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Municipal Council v. Essex County Board of Elections

New Jersey Superior Court, Law Division


Decided: July 16, 1992.

MUNICIPAL COUNCIL OF THE CITY OF NEWARK, PLAINTIFF,
v.
ESSEX COUNTY BOARD OF ELECTIONS, PATRICIA MCGARRY DRAKE, ESSEX COUNTY CLERK, AND CARMINE CASCIANO, SUPERINTENDENT OF ELECTIONS, DEFENDANTS

Cassini, J.s.c.

Cassini

[259 NJSuper Page 212]

Plaintiff, Municipal Council of the City of Newark (hereinafter "Newark"), moved for summary judgment on the issue of whether the defendant Essex County Board of Elections (hereinafter "Board") violated the Open Public Meetings Act (hereinafter "OPMA"), N.J.S.A. 10:4-6, et seq.

In the Spring of 1991, the Board met with the City Clerk of each municipality within the county to redraw the ward lines pursuant to the Municipal Ward Law, N.J.S.A. 40:44-9, et seq. The adjustment of the election district lines was approved by the Board at a meeting on May 19, 1991.

Thereafter, at a February 28, 1992 meeting, the Board adjusted several election districts in the eastern and central wards of Newark. This action was rescinded due to technical errors that occurred at the meeting. On March 9, 1992, the Board met and again adjusted the boundaries of the eastern and central wards of Newark.

Notice of the February 28, 1992 and March 9, 1992 meetings did not meet the requirements of the Open Public Meetings Act, N.J.S.A. 10:4-6, et seq., because the notices were published in only one newspaper and were not filed with the county clerk. In addition, neither of the notices listed the meeting agenda, to the extent known, contrary to the requirements of the statute.

A Board meeting was then scheduled for May 29, 1992. This meeting was properly noticed by filing the notice with the county clerk, publishing the notice in two newspapers, complete with the proposed agenda, posting the notice and making a press alert. In short, this meeting was in compliance with the OPMA. At the meeting, the Board considered the redistricting de novo.

[259 NJSuper Page 213]

Newark now opposes and the new election boundaries in the central and east wards, as adopted by the Board at the May 29, 1992 meeting, and is seeking a partial summary judgment voiding the Board's redistricting due to the Board's failure to provide adequate notice of the earlier meetings, contrary to the requirements of the OPMA, N.J.S.A. 10:4-6, et seq.

It is apparent, and defendant concedes that, the meetings of the Board on February 28, and March 9, 1992 did not comply with N.J.S.A. 10:4-8, in that the notices of those meetings were not filed with the Essex County Clerk; the agendas were not published to the extent known and although there was some form of notice of the meetings, the notices were published in only one newspaper.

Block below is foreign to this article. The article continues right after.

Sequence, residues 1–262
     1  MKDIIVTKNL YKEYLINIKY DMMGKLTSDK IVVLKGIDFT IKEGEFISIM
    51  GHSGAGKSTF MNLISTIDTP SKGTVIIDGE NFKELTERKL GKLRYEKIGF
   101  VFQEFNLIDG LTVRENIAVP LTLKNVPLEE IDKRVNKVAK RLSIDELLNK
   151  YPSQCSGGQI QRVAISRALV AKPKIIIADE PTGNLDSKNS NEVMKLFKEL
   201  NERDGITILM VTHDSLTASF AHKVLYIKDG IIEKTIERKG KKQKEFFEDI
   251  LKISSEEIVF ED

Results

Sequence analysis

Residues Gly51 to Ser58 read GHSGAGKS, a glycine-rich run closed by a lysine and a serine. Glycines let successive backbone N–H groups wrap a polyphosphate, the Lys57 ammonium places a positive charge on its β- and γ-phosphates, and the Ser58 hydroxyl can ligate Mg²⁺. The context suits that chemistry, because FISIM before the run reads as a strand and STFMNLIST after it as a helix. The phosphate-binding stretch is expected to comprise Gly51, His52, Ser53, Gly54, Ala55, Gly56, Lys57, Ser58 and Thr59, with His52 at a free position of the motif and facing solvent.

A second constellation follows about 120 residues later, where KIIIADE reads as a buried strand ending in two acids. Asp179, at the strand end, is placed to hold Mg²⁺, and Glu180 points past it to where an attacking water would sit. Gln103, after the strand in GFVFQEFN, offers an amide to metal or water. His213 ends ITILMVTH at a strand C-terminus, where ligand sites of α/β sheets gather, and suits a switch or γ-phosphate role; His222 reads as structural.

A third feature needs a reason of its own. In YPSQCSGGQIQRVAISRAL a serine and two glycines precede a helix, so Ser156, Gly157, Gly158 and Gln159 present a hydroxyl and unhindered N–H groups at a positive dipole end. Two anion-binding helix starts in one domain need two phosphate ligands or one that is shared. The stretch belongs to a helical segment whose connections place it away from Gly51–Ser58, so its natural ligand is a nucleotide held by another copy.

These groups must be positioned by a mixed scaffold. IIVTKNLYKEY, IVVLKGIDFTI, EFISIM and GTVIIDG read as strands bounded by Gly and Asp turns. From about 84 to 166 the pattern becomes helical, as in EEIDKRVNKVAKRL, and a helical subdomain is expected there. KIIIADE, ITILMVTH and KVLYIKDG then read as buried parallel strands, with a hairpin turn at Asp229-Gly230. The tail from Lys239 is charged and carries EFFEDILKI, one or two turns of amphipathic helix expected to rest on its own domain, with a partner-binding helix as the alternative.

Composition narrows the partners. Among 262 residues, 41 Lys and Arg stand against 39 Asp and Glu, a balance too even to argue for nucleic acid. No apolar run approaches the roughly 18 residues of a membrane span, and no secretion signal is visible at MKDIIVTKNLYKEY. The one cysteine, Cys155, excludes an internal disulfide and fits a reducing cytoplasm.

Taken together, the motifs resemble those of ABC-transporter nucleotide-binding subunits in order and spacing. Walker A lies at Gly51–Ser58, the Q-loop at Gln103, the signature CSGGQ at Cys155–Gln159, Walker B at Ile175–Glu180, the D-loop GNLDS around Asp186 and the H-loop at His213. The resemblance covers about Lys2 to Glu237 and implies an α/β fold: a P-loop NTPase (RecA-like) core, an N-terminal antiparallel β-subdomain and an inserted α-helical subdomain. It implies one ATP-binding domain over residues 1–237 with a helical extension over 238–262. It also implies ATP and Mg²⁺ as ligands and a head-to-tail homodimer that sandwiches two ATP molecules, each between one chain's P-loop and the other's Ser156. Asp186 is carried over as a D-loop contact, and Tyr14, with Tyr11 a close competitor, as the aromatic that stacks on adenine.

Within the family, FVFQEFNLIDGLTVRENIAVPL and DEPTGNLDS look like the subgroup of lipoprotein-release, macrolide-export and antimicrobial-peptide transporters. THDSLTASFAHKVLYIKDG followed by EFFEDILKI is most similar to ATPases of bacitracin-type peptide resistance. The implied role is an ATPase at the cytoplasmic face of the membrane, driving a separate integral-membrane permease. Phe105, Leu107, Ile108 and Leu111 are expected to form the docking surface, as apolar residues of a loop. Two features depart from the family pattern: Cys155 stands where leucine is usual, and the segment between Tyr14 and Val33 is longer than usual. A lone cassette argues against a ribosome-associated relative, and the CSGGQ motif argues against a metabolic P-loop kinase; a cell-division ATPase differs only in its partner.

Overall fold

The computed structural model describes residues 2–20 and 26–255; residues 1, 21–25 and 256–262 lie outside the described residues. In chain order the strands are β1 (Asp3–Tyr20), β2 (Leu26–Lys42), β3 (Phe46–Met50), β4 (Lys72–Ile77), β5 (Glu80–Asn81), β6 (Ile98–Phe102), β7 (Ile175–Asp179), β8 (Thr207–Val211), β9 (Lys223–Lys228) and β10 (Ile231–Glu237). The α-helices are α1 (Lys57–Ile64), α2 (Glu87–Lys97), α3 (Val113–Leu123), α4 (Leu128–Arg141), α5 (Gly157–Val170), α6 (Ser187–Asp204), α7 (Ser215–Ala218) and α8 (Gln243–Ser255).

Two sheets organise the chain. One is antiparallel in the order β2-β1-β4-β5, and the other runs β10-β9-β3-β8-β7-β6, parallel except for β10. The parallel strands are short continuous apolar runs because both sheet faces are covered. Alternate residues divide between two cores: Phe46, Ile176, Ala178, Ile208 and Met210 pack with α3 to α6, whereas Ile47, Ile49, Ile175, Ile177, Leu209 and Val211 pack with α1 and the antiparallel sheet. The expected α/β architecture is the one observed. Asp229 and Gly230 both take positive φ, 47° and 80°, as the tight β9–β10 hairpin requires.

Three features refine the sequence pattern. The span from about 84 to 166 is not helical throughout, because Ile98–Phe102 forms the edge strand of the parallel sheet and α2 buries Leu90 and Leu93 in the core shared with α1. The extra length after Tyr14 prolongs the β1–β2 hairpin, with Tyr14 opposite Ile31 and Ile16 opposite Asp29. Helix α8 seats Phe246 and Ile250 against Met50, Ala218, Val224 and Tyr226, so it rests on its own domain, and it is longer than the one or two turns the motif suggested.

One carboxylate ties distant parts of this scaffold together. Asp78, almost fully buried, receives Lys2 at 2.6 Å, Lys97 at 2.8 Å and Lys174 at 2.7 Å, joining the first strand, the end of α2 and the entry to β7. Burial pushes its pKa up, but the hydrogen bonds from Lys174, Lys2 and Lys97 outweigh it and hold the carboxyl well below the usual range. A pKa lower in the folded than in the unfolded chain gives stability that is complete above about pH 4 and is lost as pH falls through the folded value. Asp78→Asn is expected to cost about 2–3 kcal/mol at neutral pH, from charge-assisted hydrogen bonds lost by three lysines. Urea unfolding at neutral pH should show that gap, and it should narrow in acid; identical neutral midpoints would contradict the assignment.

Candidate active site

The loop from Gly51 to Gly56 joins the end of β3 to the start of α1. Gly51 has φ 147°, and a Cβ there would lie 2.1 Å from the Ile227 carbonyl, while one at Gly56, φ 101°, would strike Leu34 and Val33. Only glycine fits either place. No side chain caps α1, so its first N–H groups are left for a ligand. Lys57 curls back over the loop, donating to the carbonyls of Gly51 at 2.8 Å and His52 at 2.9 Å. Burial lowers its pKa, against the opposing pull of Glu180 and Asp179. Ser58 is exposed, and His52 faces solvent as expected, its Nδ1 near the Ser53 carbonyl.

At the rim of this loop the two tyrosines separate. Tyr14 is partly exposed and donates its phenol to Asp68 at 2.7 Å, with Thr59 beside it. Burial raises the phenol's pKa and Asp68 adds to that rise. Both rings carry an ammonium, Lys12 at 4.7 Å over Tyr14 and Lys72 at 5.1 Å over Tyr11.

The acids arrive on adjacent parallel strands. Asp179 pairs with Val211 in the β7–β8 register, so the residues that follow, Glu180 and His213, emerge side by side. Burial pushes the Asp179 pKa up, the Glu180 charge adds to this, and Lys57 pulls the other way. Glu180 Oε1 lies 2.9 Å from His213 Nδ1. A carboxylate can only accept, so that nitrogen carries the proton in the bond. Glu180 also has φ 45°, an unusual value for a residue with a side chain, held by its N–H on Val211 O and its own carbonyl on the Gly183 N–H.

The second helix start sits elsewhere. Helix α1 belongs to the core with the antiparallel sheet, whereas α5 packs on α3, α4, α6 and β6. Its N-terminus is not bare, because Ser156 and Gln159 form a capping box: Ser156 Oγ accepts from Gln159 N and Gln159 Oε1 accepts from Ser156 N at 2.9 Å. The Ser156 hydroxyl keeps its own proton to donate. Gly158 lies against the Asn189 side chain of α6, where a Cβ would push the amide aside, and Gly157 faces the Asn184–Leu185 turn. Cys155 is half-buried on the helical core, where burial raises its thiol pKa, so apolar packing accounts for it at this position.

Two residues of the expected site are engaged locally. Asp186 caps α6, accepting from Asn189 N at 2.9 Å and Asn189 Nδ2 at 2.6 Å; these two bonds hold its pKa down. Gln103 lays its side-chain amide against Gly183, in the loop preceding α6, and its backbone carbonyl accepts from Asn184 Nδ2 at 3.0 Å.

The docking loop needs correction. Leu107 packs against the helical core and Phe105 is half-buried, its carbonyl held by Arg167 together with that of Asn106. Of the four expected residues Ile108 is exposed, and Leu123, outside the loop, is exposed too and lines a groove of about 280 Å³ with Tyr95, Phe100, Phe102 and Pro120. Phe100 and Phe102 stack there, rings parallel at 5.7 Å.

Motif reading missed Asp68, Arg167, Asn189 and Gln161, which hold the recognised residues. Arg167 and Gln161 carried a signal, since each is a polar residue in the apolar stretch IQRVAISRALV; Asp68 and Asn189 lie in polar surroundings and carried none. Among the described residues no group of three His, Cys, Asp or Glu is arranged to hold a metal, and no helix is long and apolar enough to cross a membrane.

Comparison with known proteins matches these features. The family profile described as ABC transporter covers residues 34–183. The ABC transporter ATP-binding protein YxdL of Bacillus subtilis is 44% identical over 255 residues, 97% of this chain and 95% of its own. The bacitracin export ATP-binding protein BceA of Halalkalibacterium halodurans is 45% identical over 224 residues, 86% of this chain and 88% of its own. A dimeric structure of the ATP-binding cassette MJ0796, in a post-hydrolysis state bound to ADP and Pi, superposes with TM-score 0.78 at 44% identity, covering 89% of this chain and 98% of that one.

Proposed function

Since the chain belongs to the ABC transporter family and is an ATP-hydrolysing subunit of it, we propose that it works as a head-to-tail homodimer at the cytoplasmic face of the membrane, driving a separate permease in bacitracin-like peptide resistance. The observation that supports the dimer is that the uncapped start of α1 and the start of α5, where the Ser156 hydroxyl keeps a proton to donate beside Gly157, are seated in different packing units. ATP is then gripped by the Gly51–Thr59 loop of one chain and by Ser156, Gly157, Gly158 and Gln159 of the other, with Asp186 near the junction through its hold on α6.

It is defendants' position, however, that any inadequacy concerning the above meetings was cured by the Board's properly noticed meeting held on May 29, 1992, that the Board at that meeting considered the redistricting de novo and that such consideration constituted corrective or remedial action as provided for in N.J.S.A. 10:4-15. The statute, in relevant part, provides:

". . . a public body may take corrective or remedial action by acting de novo at a public meeting held in conformity with this act and other applicable law regarding any action which may otherwise be voidable pursuant to this section . . . ."

In addition, plaintiff raises the issue of whether the Board complied with the provisions of N.J.S.A. 19:4-15, which postpones the effectiveness of redistricting until after the General Election if effected less than 75 days before the Primary Election. In this case the Primary was June 2, 1992. Plaintiff's argument is that the action taken by the Board on May 29, 1992, four days before the Primary Election, must be postponed until after the General Election based upon N.J.S.A. 19:4-15, because the Board's prior actions were ineffective under the OPMA. However, defendant argues that this contention is overcome by the retroactive effect of the de novo action of the Board on May 29, 1992, which action ratified and related

[259 NJSuper Page 214]

back to the February 28 and March 9, 1992 meeting dates, when the original actions were taken.

As support for defendants' "relation back" theory, they rely on Precision Industrial Design Co. v. Beckwith, 185 N.J. Super. 9, 447 A.2d 186 (App.Div.1982), certif. denied, 91 N.J. 545, 453 A.2d 863 (1982). The Appellate Division held that the provisions of the OPMA which afford a public body the opportunity to take corrective action in conjunction with conferring on the courts the authority to provide appropriate remedies to secure compliance "bespeak a legislative intention to provide maximum flexibility in rectifying governmental action which falls short of the standards of openness prescribed for the conduct of official business" (at 15). Hence, defendant argues that the action taken by the Board at the May 29, 1992 meeting was a ratification of its earlier actions because of the doctrine of flexibility in rectifying prior government action, as set forth by the court in Precision. Defendant also relies on Houman v. Bor. of Pompton Lakes, 155 N.J. Super. 129, 382 A.2d 413 (Law Div.1977), wherein the court explained the distinction between "voidable" and "void" as they relate to the OPMA. Also, the court found that a public body, pursuant to N.J.S.A. 10:4-15, could retroactively ratify its actions. That is, corrective action may be taken nunc pro tunc.

In opposition, Newark cites the case of Polillo v. Deane, 74 N.J. 562, 379 A.2d 211 (1977) for the proposition that the theory of relation back is not available to the defendant and therefore, any action taken at a meeting which did not comply with the requirements of the OPMA must be invalidated as a matter of law.